"My music supports social and political awareness of minority groups and underpriveleged communities around the world. I have never encouraged hatred or violence against any group in society. I hope to help bring communities together through my music."
Born February 15th, 1951 in Kingston, Jamaica, Horace was raised and involved in what one would call Roots Reggae.
Myself, I wasn't really too into Reggae growing up. Granted, few songs would surface to the mainstream via soundtrack or re-release that I would enjoy. Then there was punk from the late 70's and early 80's(mostly Britain) who took notice of Sound Systems and started to use it as influence. Most notable for that would be the Clash. They themselves could put out an entire record of covers that were Reggae, Dub, Dance Hall, etc.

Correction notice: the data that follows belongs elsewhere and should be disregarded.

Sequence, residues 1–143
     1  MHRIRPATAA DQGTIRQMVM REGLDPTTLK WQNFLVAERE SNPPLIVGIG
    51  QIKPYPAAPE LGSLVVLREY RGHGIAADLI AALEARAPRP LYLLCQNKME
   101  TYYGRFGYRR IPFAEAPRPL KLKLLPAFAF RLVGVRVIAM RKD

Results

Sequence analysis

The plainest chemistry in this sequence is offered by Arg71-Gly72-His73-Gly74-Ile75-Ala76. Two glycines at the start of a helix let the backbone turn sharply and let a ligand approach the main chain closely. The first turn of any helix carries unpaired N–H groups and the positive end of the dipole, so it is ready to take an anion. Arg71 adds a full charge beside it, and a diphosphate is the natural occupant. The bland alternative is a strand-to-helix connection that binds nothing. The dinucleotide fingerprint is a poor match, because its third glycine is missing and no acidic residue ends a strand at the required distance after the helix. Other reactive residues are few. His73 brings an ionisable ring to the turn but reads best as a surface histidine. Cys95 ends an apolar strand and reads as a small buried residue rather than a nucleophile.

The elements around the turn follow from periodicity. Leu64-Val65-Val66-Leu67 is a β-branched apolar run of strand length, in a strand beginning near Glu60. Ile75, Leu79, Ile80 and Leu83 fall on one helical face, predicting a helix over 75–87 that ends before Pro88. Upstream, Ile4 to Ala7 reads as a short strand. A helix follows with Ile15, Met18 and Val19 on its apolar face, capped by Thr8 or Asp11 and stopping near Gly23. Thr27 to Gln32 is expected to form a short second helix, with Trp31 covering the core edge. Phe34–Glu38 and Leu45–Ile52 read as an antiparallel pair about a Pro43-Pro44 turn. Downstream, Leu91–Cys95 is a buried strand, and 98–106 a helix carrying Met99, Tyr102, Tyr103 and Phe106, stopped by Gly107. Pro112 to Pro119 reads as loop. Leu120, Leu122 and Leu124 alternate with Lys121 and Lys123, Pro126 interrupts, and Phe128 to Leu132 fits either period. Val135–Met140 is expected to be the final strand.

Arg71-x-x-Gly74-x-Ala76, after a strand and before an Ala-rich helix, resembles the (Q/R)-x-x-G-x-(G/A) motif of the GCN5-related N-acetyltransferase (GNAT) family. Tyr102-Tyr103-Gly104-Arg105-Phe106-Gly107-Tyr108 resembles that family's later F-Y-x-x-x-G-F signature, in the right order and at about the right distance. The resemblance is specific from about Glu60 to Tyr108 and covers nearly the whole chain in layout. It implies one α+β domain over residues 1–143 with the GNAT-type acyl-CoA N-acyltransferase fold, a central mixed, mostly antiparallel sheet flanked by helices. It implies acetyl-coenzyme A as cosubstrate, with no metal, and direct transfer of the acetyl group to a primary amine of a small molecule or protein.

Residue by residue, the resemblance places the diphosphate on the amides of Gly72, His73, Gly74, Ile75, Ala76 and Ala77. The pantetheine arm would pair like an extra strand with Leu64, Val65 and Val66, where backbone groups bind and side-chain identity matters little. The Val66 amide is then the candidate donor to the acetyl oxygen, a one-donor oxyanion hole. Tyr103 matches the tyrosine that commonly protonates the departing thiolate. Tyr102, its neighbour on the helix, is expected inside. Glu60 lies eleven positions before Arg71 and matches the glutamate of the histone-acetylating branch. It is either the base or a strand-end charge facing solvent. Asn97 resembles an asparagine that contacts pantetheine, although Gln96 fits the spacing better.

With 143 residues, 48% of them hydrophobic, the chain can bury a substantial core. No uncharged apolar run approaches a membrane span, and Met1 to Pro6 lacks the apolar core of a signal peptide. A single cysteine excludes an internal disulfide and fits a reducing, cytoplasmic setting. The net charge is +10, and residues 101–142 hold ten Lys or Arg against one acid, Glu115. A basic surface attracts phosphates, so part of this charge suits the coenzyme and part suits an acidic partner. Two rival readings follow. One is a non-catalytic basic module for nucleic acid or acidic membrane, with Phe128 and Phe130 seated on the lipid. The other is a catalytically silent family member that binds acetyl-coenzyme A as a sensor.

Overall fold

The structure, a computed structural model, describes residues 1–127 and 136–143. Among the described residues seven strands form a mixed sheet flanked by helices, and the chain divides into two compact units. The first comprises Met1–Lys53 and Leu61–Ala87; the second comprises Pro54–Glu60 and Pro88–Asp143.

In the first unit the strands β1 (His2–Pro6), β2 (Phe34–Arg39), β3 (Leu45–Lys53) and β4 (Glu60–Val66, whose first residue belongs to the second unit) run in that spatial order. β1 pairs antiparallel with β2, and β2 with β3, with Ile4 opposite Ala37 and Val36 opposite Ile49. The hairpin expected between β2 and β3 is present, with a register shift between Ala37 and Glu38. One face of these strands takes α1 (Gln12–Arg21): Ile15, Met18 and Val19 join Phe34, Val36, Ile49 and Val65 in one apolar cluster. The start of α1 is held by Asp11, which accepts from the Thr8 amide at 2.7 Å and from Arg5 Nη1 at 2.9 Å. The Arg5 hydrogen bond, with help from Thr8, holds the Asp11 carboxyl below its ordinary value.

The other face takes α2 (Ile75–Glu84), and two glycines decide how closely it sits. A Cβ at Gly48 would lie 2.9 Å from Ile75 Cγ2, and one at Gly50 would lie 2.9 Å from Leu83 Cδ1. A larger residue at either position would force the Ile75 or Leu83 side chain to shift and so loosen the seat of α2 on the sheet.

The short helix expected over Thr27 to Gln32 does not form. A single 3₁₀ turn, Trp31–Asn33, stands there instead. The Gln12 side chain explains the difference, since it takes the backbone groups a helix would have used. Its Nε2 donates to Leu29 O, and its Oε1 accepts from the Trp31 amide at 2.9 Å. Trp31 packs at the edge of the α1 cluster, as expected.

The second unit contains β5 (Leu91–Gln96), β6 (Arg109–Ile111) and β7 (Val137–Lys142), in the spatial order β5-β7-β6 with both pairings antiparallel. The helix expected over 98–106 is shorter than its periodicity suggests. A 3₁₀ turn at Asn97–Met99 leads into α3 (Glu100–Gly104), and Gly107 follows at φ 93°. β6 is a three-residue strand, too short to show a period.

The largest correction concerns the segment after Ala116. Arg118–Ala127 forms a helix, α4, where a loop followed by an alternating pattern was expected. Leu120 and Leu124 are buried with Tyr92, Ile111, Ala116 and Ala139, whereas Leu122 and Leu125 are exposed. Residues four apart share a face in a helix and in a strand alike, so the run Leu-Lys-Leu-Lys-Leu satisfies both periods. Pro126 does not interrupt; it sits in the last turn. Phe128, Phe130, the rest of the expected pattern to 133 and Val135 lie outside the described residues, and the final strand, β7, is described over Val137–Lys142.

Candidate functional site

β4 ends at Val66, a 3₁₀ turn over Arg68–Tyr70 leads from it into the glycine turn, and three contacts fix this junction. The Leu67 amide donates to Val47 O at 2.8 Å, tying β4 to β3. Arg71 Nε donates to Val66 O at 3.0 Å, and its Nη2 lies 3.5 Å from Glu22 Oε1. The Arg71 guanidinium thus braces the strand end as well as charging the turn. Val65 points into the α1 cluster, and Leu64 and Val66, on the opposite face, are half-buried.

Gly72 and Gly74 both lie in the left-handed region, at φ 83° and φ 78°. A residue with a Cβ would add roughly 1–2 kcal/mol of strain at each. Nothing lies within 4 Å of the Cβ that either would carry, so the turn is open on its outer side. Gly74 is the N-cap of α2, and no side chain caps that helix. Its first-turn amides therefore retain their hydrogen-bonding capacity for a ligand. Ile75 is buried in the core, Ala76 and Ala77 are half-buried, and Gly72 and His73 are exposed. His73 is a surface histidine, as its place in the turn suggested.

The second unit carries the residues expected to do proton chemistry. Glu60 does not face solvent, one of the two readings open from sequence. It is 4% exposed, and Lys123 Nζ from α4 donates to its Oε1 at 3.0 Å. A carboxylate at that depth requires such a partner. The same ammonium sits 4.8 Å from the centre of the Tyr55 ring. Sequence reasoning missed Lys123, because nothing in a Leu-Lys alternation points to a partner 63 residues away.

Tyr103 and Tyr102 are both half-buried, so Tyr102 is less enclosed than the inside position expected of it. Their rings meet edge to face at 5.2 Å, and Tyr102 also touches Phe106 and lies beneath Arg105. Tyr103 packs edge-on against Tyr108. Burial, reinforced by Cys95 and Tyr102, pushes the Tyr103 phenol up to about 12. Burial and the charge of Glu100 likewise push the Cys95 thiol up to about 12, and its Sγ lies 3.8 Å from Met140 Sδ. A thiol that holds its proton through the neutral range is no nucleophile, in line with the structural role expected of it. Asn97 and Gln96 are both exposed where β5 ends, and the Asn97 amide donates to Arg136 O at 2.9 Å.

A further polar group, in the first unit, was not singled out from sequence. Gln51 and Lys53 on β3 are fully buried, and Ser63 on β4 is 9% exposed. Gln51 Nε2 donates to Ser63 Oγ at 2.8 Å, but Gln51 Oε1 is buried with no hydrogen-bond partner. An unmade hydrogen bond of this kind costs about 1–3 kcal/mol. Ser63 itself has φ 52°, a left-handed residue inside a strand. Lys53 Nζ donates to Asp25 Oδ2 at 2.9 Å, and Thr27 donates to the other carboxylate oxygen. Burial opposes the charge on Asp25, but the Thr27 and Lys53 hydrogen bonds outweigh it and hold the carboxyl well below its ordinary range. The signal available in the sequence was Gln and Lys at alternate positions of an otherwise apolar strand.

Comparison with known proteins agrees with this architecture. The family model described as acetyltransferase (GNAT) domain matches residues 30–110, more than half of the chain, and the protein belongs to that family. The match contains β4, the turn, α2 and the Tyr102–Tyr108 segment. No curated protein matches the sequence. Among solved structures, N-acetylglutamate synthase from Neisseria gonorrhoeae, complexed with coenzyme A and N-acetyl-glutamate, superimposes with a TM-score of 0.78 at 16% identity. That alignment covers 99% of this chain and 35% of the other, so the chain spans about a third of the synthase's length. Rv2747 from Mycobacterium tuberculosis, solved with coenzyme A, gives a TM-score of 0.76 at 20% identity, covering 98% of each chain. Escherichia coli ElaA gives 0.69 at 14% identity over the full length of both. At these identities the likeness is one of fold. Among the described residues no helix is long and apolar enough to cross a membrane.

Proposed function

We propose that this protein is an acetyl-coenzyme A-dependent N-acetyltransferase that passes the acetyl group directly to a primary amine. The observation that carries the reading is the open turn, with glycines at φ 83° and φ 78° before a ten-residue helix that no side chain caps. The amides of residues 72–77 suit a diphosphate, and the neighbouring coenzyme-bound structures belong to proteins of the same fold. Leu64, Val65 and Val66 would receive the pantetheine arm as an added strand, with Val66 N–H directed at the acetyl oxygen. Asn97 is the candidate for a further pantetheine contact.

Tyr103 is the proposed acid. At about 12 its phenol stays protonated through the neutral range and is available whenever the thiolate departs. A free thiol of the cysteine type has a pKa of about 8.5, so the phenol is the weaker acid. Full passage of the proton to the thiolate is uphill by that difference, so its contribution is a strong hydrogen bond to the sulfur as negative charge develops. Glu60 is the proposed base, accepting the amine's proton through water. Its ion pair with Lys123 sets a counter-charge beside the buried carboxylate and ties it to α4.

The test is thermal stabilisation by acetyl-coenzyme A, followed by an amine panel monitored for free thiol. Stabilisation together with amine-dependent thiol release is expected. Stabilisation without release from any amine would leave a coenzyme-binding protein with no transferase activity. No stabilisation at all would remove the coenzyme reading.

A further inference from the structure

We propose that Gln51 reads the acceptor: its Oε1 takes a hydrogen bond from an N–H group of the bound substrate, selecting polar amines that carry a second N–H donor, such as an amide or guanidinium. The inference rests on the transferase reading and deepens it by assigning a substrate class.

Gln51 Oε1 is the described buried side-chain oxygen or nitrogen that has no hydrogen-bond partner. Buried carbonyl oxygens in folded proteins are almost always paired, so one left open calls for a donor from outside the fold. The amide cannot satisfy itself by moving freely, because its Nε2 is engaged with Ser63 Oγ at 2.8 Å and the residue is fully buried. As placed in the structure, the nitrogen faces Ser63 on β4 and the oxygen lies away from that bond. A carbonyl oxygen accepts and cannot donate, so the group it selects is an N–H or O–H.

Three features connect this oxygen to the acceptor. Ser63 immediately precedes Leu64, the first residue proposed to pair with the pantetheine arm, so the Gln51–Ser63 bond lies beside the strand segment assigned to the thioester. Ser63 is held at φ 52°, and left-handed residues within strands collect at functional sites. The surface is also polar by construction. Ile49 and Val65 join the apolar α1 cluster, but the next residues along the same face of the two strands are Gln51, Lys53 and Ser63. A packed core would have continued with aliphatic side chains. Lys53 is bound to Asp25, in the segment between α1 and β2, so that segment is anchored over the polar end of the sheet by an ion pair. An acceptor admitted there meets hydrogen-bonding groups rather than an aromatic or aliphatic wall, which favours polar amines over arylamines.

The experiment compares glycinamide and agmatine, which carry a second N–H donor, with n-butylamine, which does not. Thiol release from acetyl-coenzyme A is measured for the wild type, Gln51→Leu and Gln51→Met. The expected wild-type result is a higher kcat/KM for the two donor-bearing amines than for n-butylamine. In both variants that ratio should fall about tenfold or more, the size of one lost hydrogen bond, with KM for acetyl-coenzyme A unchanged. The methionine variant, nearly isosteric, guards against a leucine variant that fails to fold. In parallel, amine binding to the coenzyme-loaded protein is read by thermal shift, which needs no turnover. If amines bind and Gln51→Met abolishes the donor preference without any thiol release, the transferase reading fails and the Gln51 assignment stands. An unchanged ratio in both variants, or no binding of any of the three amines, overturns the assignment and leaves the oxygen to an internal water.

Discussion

Dub and Dance Hall was what grabbed my attention. Over time, I really enjoyed sparse vocals, long and extended drum lines as well as bass. So naturally it spoke to me. Eventually, I just found myself playing Dub on my way to work, running errands, etc. It was easy, calm and just made me happy.
On this release, Horace had more involvement with instruments. He had much to do with the beats, bass, rhythm and lead guitar. I enjoy these versions of his classics a little more than a lot of his releases. I think the music compliments his falsetto vocals really well. This was also a great time for Wackie's Records/Studio(Bronx, NY), which was responsible for this recording and many others such as Jah T.
"Spying Glass" as well as "Lets Live In Love" are amazing tracks. If you enjoy this, do some research on Wackie's Releases, 70's/80's Reggae in NY and Jamaica.
Dance Hall Style
1. Money, Money - 6:17
2. Lonely Woman - 6:25
3. Cuss Cuss - 7:04
4. Stop The Fuss - 7:16
5. Spying Glass - 5:12
6. Lets Live In Love - 13:44